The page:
As predicted, the State of Kansas saw a decrease in total tax collections when compared to April of Fiscal Year 2019. These reductions are largely due to announced tax date extensions, which gave relief to Kansans while moving collections into the Fiscal Year 2021.
On April 20, the Consensus Revenue Estimating Group, comprised of the Department of Revenue, Division of Budget, Kansas Legislative Research Department, and economists from the University of Kansas, Kansas State University, and Wichita State University, met to review the fall estimates and make revisions. These revisions take into consideration the changes in tax deadlines, consumer purchasing behaviors, and employer withholdings.
The state’s total tax collections for April were $578.1 million. Compared to April last fiscal year that is down $610.7 million or 51.4 percent. However, the state is in line with the revised estimates as those collections are 0.10 percent or $360,655 more than the estimate.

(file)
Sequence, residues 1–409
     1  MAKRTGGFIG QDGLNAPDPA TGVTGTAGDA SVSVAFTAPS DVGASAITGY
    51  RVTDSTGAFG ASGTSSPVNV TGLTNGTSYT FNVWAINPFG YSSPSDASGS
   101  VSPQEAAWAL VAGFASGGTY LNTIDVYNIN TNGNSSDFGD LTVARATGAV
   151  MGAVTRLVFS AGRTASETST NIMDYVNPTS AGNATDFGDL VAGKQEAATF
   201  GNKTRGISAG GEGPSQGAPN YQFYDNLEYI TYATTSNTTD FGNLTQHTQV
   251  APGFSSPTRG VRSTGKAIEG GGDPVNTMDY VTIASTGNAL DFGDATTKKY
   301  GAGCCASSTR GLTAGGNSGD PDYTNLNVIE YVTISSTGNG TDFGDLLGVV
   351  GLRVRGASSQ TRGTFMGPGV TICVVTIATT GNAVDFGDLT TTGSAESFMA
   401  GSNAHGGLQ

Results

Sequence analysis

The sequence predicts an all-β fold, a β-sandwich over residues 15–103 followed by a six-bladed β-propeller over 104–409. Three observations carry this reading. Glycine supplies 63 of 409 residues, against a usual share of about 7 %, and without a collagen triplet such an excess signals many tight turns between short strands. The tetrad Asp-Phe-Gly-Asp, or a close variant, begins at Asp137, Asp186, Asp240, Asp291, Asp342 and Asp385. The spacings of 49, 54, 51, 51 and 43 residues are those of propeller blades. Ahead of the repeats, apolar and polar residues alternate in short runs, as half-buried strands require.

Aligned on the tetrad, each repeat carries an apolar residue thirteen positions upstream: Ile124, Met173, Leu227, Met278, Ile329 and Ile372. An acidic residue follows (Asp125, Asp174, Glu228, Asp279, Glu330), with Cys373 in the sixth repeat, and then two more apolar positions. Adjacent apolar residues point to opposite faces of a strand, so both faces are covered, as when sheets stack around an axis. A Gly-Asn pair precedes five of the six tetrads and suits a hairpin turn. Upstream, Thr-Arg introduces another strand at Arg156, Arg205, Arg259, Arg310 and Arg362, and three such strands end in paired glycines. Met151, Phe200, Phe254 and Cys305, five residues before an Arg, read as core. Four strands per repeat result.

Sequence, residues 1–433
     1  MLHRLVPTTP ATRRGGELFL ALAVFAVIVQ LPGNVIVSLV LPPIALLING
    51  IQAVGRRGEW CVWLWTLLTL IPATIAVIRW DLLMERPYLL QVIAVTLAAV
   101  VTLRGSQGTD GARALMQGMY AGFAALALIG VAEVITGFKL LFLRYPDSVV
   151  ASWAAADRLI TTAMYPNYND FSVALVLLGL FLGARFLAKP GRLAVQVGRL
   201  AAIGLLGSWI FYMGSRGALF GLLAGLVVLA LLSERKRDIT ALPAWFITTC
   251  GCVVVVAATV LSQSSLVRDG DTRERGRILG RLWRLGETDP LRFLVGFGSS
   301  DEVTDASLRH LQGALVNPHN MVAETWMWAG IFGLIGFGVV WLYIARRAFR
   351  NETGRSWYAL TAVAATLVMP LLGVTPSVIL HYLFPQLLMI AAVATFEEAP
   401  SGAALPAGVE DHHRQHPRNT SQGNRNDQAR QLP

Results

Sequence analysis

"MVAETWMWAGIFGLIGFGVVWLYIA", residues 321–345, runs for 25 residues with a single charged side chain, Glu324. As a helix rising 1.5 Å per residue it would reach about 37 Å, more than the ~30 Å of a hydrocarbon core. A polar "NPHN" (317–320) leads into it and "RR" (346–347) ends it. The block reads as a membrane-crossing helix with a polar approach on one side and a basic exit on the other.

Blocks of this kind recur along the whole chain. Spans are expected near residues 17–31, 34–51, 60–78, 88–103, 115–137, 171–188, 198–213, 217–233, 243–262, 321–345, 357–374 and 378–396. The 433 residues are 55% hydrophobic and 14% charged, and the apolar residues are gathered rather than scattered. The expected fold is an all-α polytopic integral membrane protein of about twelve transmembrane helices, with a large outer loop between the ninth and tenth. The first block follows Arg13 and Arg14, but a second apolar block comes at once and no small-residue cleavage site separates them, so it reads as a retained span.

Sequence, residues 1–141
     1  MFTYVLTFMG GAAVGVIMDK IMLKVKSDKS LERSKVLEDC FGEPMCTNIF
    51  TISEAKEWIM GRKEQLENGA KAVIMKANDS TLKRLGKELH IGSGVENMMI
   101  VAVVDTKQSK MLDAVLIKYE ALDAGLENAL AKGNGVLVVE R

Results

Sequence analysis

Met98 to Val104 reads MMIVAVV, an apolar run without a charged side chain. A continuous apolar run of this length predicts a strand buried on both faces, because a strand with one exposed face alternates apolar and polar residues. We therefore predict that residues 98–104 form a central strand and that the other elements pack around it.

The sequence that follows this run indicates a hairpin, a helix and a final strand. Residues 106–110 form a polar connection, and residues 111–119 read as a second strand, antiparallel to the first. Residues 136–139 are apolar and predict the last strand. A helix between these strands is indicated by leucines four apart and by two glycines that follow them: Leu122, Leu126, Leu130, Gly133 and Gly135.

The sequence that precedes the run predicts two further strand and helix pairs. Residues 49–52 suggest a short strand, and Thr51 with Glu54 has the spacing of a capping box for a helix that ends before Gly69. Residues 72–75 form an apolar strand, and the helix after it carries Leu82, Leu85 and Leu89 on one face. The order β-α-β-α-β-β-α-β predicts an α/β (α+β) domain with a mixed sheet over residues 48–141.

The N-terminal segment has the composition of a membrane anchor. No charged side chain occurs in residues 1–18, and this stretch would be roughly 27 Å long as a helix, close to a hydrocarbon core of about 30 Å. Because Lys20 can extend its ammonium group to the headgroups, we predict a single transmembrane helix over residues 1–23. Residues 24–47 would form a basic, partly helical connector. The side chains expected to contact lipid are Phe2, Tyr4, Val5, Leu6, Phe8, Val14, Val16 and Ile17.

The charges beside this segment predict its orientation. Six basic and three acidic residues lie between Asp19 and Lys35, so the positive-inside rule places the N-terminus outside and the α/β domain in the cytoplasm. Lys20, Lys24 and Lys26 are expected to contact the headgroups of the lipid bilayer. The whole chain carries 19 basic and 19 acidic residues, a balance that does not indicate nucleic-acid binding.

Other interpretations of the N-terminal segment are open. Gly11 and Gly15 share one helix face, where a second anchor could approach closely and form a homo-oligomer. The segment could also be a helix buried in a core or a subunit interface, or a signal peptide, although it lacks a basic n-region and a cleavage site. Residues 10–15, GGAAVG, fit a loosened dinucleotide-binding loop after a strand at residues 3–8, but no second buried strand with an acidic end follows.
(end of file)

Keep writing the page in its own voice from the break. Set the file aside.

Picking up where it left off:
Individual income tax collections were $282.5 million; $1.2 million or 0.4 percent more than the new estimate. Corporate income tax collections were $37.8 million; 2.3 percent or $888,372 below the estimate.
Retail sales tax collections were $184.1 million; $2.3 million or 1.2 percent below the estimate. Compensating use tax collections were 2.4 percent higher than estimated with $41.5 million collected.
Last month staff at both Gardner and Edgerton said they were awaiting information from the state and county to determine the impact on local budgets.